Competency-Based Education – Team


Bill Tierney

Dr. William Tierney is University Professor and Wilbur-Kieffer Professor of Higher Education here at Rossier and the Co-Director of the Pullias Center for Higher Education. He is an expert on higher education policy analysis, governance, and administration; cultural leadership in higher education; decision making in higher education; faculty reward structures; organizational culture and its role in academic decision making, innovation, and organizational change in postsecondary education; power, ideology, and cultural politics in academia; equity issues in higher education; diversity issues in higher education; building communities of difference on the multicultural campus; Native Americans and other minorities in higher education; quality of faculty performance; faculty socialization as a cultural process; race, class, gender and sexual identity in the socialization of faculty; socialization and culture of college students; critical and feminist interpretations of higher education policy; anthropology of higher education; educational institutions as political and organizational cultures; organizational/institutional politics; affirmative action; for-profit universities; tenure reform; the college presidency; cultural politics in academia; gay and lesbian studies; and ethnography.

Michael Lanford

Michael Lanford is a doctoral candidate in the Rossier School of Education, where he works with William Tierney studying the impact of globalization on institutional change, faculty roles, and student development. He holds Master’s degrees from the University of Hong Kong, where he graduated “with distinction” in higher education, and Washington University in St. Louis, where he was a Harvey Fellow in American Studies. At USC, Michael is a Provost’s Fellow who has received scholarships to present his work at conferences in Taipei, Canada, and the United States. Over the last two years, he has published several articles and book chapters on creativity and innovation in higher education, international branch campuses, and academic freedom. His work has appeared in the Higher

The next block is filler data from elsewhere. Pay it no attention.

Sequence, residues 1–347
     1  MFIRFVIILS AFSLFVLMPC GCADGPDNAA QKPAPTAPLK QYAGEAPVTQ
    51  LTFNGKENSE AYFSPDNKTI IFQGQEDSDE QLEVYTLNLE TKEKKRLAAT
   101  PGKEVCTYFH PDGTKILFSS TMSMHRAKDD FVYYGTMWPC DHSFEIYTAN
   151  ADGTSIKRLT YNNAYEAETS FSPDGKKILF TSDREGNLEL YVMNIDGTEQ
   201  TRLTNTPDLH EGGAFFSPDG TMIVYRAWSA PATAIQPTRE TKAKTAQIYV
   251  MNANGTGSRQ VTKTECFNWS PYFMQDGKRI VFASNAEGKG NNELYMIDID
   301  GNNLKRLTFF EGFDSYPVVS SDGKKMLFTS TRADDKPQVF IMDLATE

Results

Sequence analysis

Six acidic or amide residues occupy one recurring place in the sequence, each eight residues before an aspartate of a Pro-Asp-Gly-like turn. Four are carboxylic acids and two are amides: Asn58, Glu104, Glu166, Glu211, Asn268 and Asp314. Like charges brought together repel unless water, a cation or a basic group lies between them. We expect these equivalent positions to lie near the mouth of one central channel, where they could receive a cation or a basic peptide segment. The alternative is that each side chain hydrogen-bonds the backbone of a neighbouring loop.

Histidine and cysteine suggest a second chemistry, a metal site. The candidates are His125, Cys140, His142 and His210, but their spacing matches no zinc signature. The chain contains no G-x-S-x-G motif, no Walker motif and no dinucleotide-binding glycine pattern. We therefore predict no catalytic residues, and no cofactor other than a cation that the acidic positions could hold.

Education: Handbook of Theory and Research, Higher Education, and Frontiers of Education in China. In his spare time, Michael mentors low-income students preparing to go to college, plays classical piano, and enjoys golf.

Tattiya Maruco

Tattiya Maruco is a Research Project Specialist for the Pullias Center for Higher Education. She earned her Bachelor’s degree in Psychology, with a minor in English Literature, from San Francisco State University, and her Master’s in Social Psychology from the University of Wisconsin-Madison. Prior to working with USC, she has worked as an instructor at Los Angeles Film School (English Composition) and researcher at private research firms, Childrens Hospital Los Angeles, and UCLA. She has experience in researching how individuals and groups understand and interact with their environment, specifically focusing on how context is dynamic and influences human thought and behavior. Current projects at the Center include Linked Learning, IAM, SummerTIME and First in the World.

Carlos Galan

Carlos earned his bachelor’s in History and a minor in Public Policy from the University of California, Los Angeles (UCLA). While at UCLA, he directed a tutoring and mentoring program at Bell Gardens High School. After graduating from UCLA, Carlos worked at Cal State LA as an Assistant to the Director of Admissions and Recruitment. Carlos is now working as an Outreach Advisor for the Pullias Center for Higher Education. He helps coordinate the I AM Mentoring Program and SummerTIME. Both programs focus on increasing college access and college readiness among low-income high school students in 9 LAUSD schools.